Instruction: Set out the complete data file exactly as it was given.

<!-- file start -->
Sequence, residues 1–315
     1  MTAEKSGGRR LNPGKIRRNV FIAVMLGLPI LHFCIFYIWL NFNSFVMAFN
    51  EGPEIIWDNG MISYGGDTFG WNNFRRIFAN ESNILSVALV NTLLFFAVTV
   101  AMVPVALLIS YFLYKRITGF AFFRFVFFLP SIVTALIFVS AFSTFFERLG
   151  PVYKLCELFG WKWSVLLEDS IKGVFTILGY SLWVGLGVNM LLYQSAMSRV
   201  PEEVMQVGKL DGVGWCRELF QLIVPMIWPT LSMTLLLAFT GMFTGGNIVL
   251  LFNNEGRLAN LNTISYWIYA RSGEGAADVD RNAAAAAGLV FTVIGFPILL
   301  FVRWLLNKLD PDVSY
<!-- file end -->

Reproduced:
Sequence, residues 1–315
     1  MTAEKSGGRR LNPGKIRRNV FIAVMLGLPI LHFCIFYIWL NFNSFVMAFN
    51  EGPEIIWDNG MISYGGDTFG WNNFRRIFAN ESNILSVALV NTLLFFAVTV
   101  AMVPVALLIS YFLYKRITGF AFFRFVFFLP SIVTALIFVS AFSTFFERLG
   151  PVYKLCELFG WKWSVLLEDS IKGVFTILGY SLWVGLGVNM LLYQSAMSRV
   201  PEEVMQVGKL DGVGWCRELF QLIVPMIWPT LSMTLLLAFT GMFTGGNIVL
   251  LFNNEGRLAN LNTISYWIYA RSGEGAADVD RNAAAAAGLV FTVIGFPILL
   301  FVRWLLNKLD PDVSY